As we approach October, we approach the end of the road for optimistic thinking and planning.
Those leagues who have made announcements, made relocations, and alternative plans need to be commended for acting in the best interests of their organizations and the players who are effected.
Those teams who have taken the optimist road that “everything will be ok” or “everything will work out” are about to have to face the music.
As of today, ice arenas in New York, Massachusetts, California, Nevada, Oregon, Washington State, and Arizona are not allowed to legally have full competition on the ice.
Michigan requires face masks to be worn. Illinois also has restrictions, but local health officials are neither approving or disapproving of play as long as there are no fans in the stands and no concessions. Minnesota also has restrictions in regard to dressing rooms and fans at games still in place.
Keep in mind, this article is about playing hockey legally within the rules established by each State and each governing body. We are sure that some will attempt to get away with playing when they could possibly get caught by State or local health authorities.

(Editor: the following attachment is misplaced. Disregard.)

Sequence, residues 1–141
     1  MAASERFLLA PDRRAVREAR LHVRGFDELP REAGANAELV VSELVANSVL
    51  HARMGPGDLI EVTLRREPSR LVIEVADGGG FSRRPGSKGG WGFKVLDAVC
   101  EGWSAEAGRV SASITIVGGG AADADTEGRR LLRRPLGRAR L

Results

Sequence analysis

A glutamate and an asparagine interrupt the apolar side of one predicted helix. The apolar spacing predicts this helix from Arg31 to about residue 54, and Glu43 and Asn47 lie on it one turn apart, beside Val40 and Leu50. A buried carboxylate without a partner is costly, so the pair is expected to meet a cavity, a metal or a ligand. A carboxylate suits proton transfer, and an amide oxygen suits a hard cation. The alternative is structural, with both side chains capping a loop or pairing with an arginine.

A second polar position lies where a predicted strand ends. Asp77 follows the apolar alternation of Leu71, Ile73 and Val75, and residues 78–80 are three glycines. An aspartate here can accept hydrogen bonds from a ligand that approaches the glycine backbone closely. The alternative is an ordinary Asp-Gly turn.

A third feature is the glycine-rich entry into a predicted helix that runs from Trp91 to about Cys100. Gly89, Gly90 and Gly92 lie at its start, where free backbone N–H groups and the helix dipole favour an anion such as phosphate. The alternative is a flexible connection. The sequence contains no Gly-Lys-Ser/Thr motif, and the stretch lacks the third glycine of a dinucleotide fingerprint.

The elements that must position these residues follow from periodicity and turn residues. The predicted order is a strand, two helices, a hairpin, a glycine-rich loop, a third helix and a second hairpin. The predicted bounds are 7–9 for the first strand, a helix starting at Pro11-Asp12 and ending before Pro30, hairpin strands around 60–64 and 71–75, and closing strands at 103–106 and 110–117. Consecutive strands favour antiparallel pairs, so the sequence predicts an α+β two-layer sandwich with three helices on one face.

As the old saying goes, “It’s easier to ask for forgiveness than for permission”.
The problem all teams are facing, not only those located in these States but those playing against teams located in these States, is that at any time restrictions could immediately halt play.
I am not going to debate the politics of this. Obviously politics are being played on both sides. The point is simply that teams around the country could potentially be at risk of immediate stops and restarts throughout the year.
This largely effects Tier III operators, and some limited Tier II operations. But is is likely to effect hundreds of players who have hitched their wagons to some trains that may be derailed.
While some crazies have sent me some really off the wall emails, and I have been criticized for speaking plainly, at least I am speaking.
I wonder why no one else is talking about this?
The answer is simple. Money.
Once the season begins, contracts are locked in. Prorated, or no refunds apply if one game is played. Players rights are owned by any team at any level once a game is played.
This is the business of hockey. Like it or not, it is perfectly legal and within the rules. Hockey is a business. While many forget the business aspects when everything is running well and going in their favor, they quickly realize its a business when things get difficult.
Things are likely to get difficult for some people soon. Remember if and when it happens to you, be calm. Don’t lash out at coaches or owners. Many of them wanted to talk but had to tow the league mandate of “everything will be ok”.
I wish everyone luck as we approach October. Stay safe, and I hope you have a successful season.
Joseph Kolodziej – Adviser